Psalm Ten: Arise, O Yahweh! O God, Lift Up Your Hand!
Religion that begins and ends with the mind alone is in fact no religion, but an empty mockery; for true religion comes to full flower in the trials and temptations that beset a man, and gives him victory over them all. This much we may certainly learn from our psalm today, which is very closely connected with the preceding, and bears this relationship to it, that it takes up the same precious themes and truths, and most heartily employs them in the midst of a terrible trial, which threatens to overwhelm the faith and hope of the godly.
The Lord is still king forever and ever (vs. 16), even as David had rejoiced to declare before; he still hears the afflicted and gives them justice against their enemies (vss. 17-18); and David still calls upon God to arise and destroy the wicked (vss. 12, 15). In all these things, he is only repeating and affirming the truth of what he had taught before, in Psalm Nine.
But how much more difficult had it become! As long as there is no fierce opposition, it is easy to believe that the Lord Christ will reign forevermore upon the throne, and that God will put all things beneath his feet, and raise up all those who trust in him to reign with him forever. But when the storms of cruel rage and enmity arise, then what tune will you sing? Will you still rejoice in the God of your salvation? You may be sure that if your religion is genuine, and your faith and hope are in God alone, then the verity of your profession will be vindicated and the purity of your heart will be refined in the furnace of affliction, even as pure gold is made only purer by the action of the flame, which can burn away dross and chaff, but harm not a whit of the precious substance itself.
What a sinkhole of depravity has man become! Tell me, you who complain of your trials as if some strange thing were happening to you (1 Peter 4:12), how is it that you expect those who love evil not to hate the light (John 3:19-20)? Have you not considered what man has made of himself? You should not be surprised when you are hated, slandered, and struck down, but rather, you should be amazed that God's restraining grace has kept you from persecutions a thousand times worse!
Natural man is arrogant and selfish, he constantly schemes to tread down the poor that he might grow fat on their substance, he lifts himself up in the mad folly of pride, and is filled with such amazing blindness, due to the hardness of his heart (Eph. 4:18), that he never even considers the God who judges all the world, nor trembles at the wrath to come. He is mad enough to think that he will never be moved, but that the high position he has built for himself on blood and betrayal will be his forever. He thinks that God has forgotten him because judgment is delayed; he wrests God's mercy to his own destruction, and heaps up wrath as high as he can pile it, treasuring up for himself in the day of judgment (Rom. 2:4-5; James 5:1-3). All this he does against the helpless, using his cruel, lying, gossiping tongue to tear down and his hands of blood to maim and steal and kill, simply for his own self-interest, so that he might grow fat, and give himself airs of superiority â€“ and that against those who are like him, and whom he has no reason to despise at all! So what wonder is it, when you add to this perverse nature an instinct of self-deception and self-preservation, which would shrink away from the light, and hide in shame behind fig leaves and darkness, if such as this should rage all the more furiously against anyone who, by good works and patience, should expose the wickedness of the world of depravity (1 Pet. 2:12; Phil. 1:27-28), and put the proof to the claims of Christianity, that God will someday judge the world and deliver his own (2 Thes. 1:4-10)?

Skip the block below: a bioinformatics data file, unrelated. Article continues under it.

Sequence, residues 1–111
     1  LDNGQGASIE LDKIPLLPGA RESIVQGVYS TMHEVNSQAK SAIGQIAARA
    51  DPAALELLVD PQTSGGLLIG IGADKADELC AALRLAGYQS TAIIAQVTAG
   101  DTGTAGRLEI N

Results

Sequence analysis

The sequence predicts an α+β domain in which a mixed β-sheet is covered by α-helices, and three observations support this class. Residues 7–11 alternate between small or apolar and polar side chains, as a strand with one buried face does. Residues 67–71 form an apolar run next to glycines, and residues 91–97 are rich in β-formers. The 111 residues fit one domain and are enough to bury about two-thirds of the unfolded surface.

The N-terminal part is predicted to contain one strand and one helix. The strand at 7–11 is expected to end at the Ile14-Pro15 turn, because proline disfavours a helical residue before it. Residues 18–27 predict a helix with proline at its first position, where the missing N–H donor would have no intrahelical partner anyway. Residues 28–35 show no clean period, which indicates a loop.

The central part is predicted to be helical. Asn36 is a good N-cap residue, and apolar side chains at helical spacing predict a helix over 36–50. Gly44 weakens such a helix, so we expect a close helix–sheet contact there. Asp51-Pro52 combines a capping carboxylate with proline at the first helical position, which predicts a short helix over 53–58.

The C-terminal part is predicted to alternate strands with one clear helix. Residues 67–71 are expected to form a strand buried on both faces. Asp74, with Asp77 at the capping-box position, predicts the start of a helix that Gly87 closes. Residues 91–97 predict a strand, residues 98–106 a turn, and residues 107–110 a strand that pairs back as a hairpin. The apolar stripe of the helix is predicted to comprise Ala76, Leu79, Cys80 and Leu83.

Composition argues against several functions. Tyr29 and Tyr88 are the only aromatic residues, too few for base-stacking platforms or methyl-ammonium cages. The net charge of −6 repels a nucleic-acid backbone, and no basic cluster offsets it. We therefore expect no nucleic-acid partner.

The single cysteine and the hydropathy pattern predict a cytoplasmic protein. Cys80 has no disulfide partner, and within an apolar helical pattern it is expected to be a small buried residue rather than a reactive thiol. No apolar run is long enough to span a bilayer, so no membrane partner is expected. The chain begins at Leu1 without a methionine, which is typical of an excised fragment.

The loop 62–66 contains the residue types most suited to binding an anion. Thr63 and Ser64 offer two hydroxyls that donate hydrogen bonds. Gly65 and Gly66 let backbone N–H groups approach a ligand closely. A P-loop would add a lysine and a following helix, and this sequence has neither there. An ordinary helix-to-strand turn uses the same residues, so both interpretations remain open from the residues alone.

If all these things happen to come upon you, O believer (and it is no wonder if they do), then when the question comes leaping into your mind, â€œWhy, O Yahweh, do you stand afar off?â€ (vs. 1), remember that God is indeed the Helper of the fatherless (vs. 14). He will judge the world, and no man can answer back to him, or plead and bargain. The wicked will be destroyed, and that without remedy, when God comes to deliver his own.
And yet do you still tremble? Well, then; I will give you one more assurance, and it will be the greatest of all. If nothing else will calm your troubled soul, then still will you find this precious buttress of faith able to quiet any fear and vanquish any doubt. When did the wicked ever lurk to seize the poor like when they lay in ambush to cast their nets over him who became poor for our sakes (vs. 9; 2 Cor. 8:9)? But now (O rock of assurance!), Christ is risen from the dead. He has overcome all their traps and snares and lies and entanglements, he has conquered their father the devil, and now he must reign until even death itself has been put under his feet (1 Cor. 15:25-26). If he has gone to such great troubles to save you from your wickedness, when you were as all the rest, hateful and hating one another (Titus 3:3), then what will he not save you from, O small of faith? Will you falter at each little trial? No, but rise up in faith and cry out to the Lord of all, â€œArise, O Yahweh! O God, lift up your hand! Do not forget the afflictedâ€ (vs. 12).
And when you do so, dear Christian, you may put your heart at rest; for he has not forgotten you yet, nor will he ever, world without end.